On assignment for Canadian Geographic.
Saskatchewan Grasslands: The Sounds of Silence
On assignment for Canadian Geographic for a feature story focusing on the sounds of the Grasslands National Park in Saskatchewan. Gordon Hempton from the United States was conducting recordings from various locations around the park.
Text & Photography ©Nayan Sthankiya
Grasslands National Park is a Canadian national park located in southern Saskatchewan, and one of 44 national parks and park reserves in Canada's national park system. It is north from the American state of Montana.
Grasslands National Park represents the Prairie Grasslands natural region, protecting one of the nation's few remaining areas of undisturbed dry mixed-grass/shortgrass prairie grassland. The park is located in the World Wildlife Fund-defined Northern short grasslands ecoregion, which spans much of southern Saskatchewan, southern Alberta, and the northern Great Plains states in the USA. The unique landscape and harsh, semi-arid climate provide niches for several adapted plants and animals. The park and surrounding area house the country's only black-tailed prairie dog colonies. Rare and endangered fauna found in the park include the pronghorn, greater sage-grouse, burrowing owl, ferruginous hawk, prairie rattlesnake, black-footed ferret and greater short-horned lizard. Flora includes blue grama grass, needlegrass, plains cottonwood and silver sagebrush.
Erosion by glacial meltwater formed many of the park's characteristic features. Highlights of the park's geological landscape include the Frenchman River Valley, the 70 Mile Butte, and the badlands of Rock Creek.
In 1874, Sir George Mercer Dawson discovered western Canada's first dinosaur remains in the Killdeer Badlands during the International Boundary Survey. Later, in 1877, Sitting Bull took refuge in the area with around 5000 Sioux after the defeat of General Custer at the Battle of Little Bighorn.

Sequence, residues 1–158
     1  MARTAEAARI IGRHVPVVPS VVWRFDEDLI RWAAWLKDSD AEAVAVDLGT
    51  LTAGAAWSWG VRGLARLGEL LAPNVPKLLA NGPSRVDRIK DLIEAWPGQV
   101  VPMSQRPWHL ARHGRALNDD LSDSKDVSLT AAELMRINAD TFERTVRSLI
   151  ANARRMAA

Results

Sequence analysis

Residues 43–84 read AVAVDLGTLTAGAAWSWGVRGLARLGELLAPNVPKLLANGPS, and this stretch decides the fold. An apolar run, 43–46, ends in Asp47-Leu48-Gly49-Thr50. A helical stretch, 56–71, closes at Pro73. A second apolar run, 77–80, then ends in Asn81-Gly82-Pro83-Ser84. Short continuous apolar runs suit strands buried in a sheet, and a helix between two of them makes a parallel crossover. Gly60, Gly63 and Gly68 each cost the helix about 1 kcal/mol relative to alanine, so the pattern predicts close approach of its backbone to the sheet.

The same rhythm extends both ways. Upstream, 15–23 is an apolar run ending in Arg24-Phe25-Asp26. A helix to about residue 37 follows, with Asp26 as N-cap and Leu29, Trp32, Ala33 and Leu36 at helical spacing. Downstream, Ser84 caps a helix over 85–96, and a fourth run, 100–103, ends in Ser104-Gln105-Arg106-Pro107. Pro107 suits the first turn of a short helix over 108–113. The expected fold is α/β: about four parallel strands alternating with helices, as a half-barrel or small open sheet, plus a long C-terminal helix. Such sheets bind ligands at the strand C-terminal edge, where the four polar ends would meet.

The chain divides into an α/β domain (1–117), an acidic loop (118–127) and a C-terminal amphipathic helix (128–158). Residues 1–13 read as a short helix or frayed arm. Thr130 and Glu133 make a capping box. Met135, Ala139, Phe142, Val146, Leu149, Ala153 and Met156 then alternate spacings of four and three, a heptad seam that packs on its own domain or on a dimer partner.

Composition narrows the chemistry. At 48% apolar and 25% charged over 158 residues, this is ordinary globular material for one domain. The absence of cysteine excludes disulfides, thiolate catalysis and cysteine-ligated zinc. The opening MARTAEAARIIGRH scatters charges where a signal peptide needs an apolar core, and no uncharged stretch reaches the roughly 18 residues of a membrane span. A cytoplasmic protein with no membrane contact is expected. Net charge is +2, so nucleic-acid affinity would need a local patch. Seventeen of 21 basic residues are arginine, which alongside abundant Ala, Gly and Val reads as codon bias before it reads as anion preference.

The West Block of the park is located one hour south of Swift Current, and the main visitor reception centre is located in the town of Val Marie. Highlights of the West Block include the Frenchman River Valley, a herd of over 300 Plains bison as well as prairie dog colonies. A new campground called the Frenchman Valley Campground offers visitors serviced camping sites, teepee camping and a cook shelter. Backcountry camping is also available.
The East Block of the park is about 1 hour South of Assiniboia near Wood Mountain Regional Park. The interpretive centre is in the McGowan House at the new Rock Creek Campground. The East Block is more of a wilderness area but offers spectacular views of the badlands of Rock Creek, the Cretaceousâ€“Paleogene boundary and prairie skies.
In 2006, Plains bison from Elk Island National Park in Alberta were reintroduced to Grasslands. On October 2, 2009, in a ceremony at Belza House, the park was declared a dark-sky preserve, and a small population of black-footed ferrets was reintroduced into the prairie dog towns after a 70-year absence. Improved night-lighting practices under the dark-sky agreement ensure that the park remains dark at night, preserving a natural environment for all nocturnal wildlife.
The park annually receives about 6,000 visitors. Its official name in French is Parc national des Prairies.